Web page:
Moving with a Brazilian Beat, Businesses Lure New Customers


Walk down aisle nine toward the meat department at Reliable
Self-Service Market in Oak Bluffs, and you quickly notice something
different about the stock that now dominates the left lane. The coconut
milk, the sacks of bulgur wheat and the jars of chocolate cream and
eggplant paté are geared toward consumers whom some Island
businesses say they can't afford to ignore - Brazilians.

A Brazilian flag even hangs off the far end of the shelf, signaling
the presence of more than 100 items that cater to this immigrant

"It's a pretty extensive line," says store owner
Bob Pacheco, as he wraps up packages of ground beef. "We do a big
business with the Brazilian population. It's a large part of the
Island now."

Bob and Eddie Pacheco take a walk over to aisle nine and survey the
goods: a bag of charcoal imported from Brazil and a portable barbecue.

Interestingly, the Pachecos aren't really that knowledgeable
about their Brazilian stock. When it comes to placing orders for the
shelves, they rely on the in-house experts, the Brazilian employees who
make up nearly half of their staff of 20 workers. "If they think a
product isn't necessary, they'll tell you," says Bob
Pacheco. "I can't even read the packages."

Clearly, Brazilians are a vital part of the Island work force,
manning cash registers and deli counters and the grills of many
restaurant kitchens on the Island. And while Brazilians have started
their own businesses and retail operations on the Vineyard, they are
also making an impact on established businesses where they work.

"The more Brazilians you employ, it permeates your
business," says Glen Caldwell, a manager and bartender at Offshore
Ale in Oak Bluffs, where Brazilian food has recently been added to the
weekend menu.

Bob Skydell, owner of Offshore Ale, says the decision wasn't
originally aimed at tapping into the Brazilian market. It just happened
naturally, thanks to a Brazilian employee named Glaucia dos Santos.

"We just have Brazilian cooks here, and I'm always
interested in expanding the horizon of ethnic food," says Mr.

For the last six weeks, Ms. dos Santos, a line cook, has been coming
in on Thursdays to prepare her feijoada (pronounced fesh-wada), a black
bean stew with pork. Mr. Skydell now advertises the Friday and Saturday
night special and makes sure that a portion of the ad is in Portuguese.

"Turns out it's brought in some of the Brazilian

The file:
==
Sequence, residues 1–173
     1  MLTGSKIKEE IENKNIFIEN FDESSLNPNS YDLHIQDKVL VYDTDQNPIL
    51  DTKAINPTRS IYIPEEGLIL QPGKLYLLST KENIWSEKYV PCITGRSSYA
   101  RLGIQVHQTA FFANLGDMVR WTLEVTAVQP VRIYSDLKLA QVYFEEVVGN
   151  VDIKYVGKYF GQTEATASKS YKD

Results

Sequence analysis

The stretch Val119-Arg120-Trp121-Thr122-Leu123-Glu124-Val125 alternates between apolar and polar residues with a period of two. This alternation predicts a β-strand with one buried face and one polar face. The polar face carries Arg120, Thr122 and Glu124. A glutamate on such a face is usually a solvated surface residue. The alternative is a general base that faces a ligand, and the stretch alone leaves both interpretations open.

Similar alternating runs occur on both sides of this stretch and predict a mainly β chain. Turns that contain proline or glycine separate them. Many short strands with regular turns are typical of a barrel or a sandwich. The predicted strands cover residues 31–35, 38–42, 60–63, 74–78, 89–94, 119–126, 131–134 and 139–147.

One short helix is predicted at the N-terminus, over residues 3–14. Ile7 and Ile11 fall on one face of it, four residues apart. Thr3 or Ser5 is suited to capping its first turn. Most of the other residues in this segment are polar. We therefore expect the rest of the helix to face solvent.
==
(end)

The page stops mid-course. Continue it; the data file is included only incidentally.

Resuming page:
population," he says. "The thing the Brazilian residents
want to know is that it is really being made by a Brazilian cook.
They're interested in authenticity."

At least one Brazilian observer would agree. Wagner Bastos, who
works as an English language tutor and a translator, says Brazilians on
the Island are looking for the real deal.

"They know the quality of the food and the materials,"
Mr. Bastos says. "In the United States, you have many different
things, but you have to buy a lot until you find what suits your

Having Brazilian employees also helps businesses cater to this

"You need somebody to talk and to ask," says Mr. Bastos.

Back at Reliable Market, Bob Pacheco credits a former Brazilian
employee named Antonio Santos with bringing in much of his Brazilian

"When they come in here and they're able to speak to
people in their own language, it gives them a comfort level," says
Eddie Pacheco.

Other Island grocers - Cronig's Market and Stop &
Shop - have also reached out to the Brazilian consumer, carrying
imported items and hiring Brazilians who can communicate with the
customer who may not speak English.

On the entertainment front, the influence of the Brazilian customer
is also being felt.

The Atlantic Connection, a nightclub in Oak Bluffs, offered a
monthly Brazilian night with deejay music for the last year. Last month,
the club sponsored a Brazilian carnival, bringing in live music.

"A lot of people will tell you they don't contribute to
the Vineyard economy, but in actuality they do," says Michael
Santoro, managing partner of the Atlantic Connection. "The
Brazilians will come out and spend money if you give them the right

As at Offshore Ale and Reliable Market, it was Brazilian employees
who were the key to making it happen. Kitchen manager Cleyton Souza came
up with the idea for the program at the Atlantic Connection, and Danubia
Campos organized it.

Brazilians on the Island also proved they can fill up a movie
theatre if the marquee features a film of interest. Last month, the
Martha's Vineyard Film Society screened the Brazilian movie, City
of God, and drew a crowd of more than 150 people to the Katharine
Cornell Theatre in Vineyard Haven.

"I would say that 40 to 50 per cent of the audience was
Brazilian," says Richard Paradise, director of the film society.

With such a huge turnout, Mr. Paradise decided to roll the film a
second time the same night. When the mainstream cinemas on the Island
got wind of the success of the movie (which also won four Academy
Awards), they ordered it as well and have even held it over.

Last week on a Tuesday night when the movie screened at
Entertainment Cinemas in Edgartown, 100 people bought tickets.

Mr. Paradise says he plans to bring in more Brazilian and
Portuguese-language films.

Other Island businesses may not be retooling as much to meet the
demands of Brazilians, but they are at least taking note of nuances in
the Island market.

At Bunch of Grapes bookstore in Vineyard Haven, manager Robert Bick
says he is trying to think of ways to answer the literary needs of this
population. But books in Portuguese are expensive - a paperback
copy of Harry Potter would sell for $30 - and it's hard to
know what to buy.

For now, the bookstore is just making sure to keep replenishing its
dictionary stock.

Says Mr. Bick: "We sell more Portuguese-English dictionaries
and learning guides than all other dictionaries combined."